The August 2015 edition of the Food Demand Survey (FooDS) is now out.
This month, there was a significant rise in willingness-to-pay (WTP) for all food products. In fact, WTP for all meat products are at their highest levels since we began the survey over two years ago in May 2013. It is unclear what is behind the price rise, but it was also matched by a rise in reported food expenditures at home and away from home.
Three new ad hoc questions were added this month. The first was designed to test knowledge of different meat cuts, and it was suggested by David Ortega at Michigan State University. Respondents had to match pictures of different meat cuts with the animal it came from. By and large, consumers were able to correctly match up the cuts. The biggest error was that 6% of people matched ham to cow.
The second question was designed to explore preferences for animal antibiotic policies being pursued by different retailers. In particular, we asked, “A restaurant is considering different antibiotic policies related to the sourcing of their animal products. Which of the following policies would you support or oppose the restaurant implementing for the farmers who supply their animal products?”
Six statements were provided and participants to responded with "support" or "oppose." Approximately 77% of participants opposed the statement “The farmer can use antibiotics for growth promotion.” About 75% of respondents also opposed the statement ‘The farmer can use antibiotics for any purpose they deem reasonable.”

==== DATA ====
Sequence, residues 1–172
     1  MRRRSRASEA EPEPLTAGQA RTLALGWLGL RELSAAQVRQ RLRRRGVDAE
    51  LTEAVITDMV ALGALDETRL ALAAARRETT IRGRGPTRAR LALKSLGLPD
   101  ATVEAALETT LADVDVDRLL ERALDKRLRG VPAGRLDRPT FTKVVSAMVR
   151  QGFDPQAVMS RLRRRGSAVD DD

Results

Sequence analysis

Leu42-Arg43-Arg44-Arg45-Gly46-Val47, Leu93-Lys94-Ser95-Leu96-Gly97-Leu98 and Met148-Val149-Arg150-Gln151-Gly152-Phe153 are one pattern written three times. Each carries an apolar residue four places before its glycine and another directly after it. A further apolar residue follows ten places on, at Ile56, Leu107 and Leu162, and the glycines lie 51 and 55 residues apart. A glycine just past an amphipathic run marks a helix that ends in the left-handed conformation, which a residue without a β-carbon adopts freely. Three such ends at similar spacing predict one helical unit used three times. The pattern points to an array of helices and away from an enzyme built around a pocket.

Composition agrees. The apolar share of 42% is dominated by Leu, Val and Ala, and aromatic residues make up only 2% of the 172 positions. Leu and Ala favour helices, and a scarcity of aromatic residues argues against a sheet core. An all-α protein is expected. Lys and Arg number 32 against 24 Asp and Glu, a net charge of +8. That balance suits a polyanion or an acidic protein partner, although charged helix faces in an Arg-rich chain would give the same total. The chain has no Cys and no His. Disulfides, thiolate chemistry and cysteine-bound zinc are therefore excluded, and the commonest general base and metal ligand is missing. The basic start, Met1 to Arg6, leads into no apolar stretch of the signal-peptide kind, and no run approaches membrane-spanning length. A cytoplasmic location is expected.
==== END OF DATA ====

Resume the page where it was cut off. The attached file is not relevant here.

In contrast, a majority of participants supported the statements “The farmer can use antibiotics for disease prevention” and over 80% supported a policy in which “The farmer can use antibiotics to treat sick animals”. This latter result is interesting in light of the move by many retailers' "never ever" policies regarding animal antibiotics.
The last set of questions were designed to measured consumers support or opposition to different breeding techniques used in crop and animal agriculture. The sample was split in two and half the respondents saw questions about crops and the other half saw questions about animals. The following figure summarizes the results (the figure shows the wording for the crop question but the animal question was similarly worded).
In general, consumers tended to oppose all the methods mentioned. This included traditional breeding methods. For all issues, livestock breeding practices were less supported than crop breeding practices. The least supported practice for both crops and livestock was transgenics - transferring genes from one species to another. Gene editing and cysgenic technologies were only slightly more supported. It should be noted that other research we've conducted has shown much higher levels of support if a reason (any reason) is given for why the crop breeding or genetic modification is performed. Moreover, it may be possible that opposition to even traditional breeding methods in this survey is a result of the wording of the question which mentioned gene movement across varieties (or breeds) and a general lack of understanding of genetic reproduction.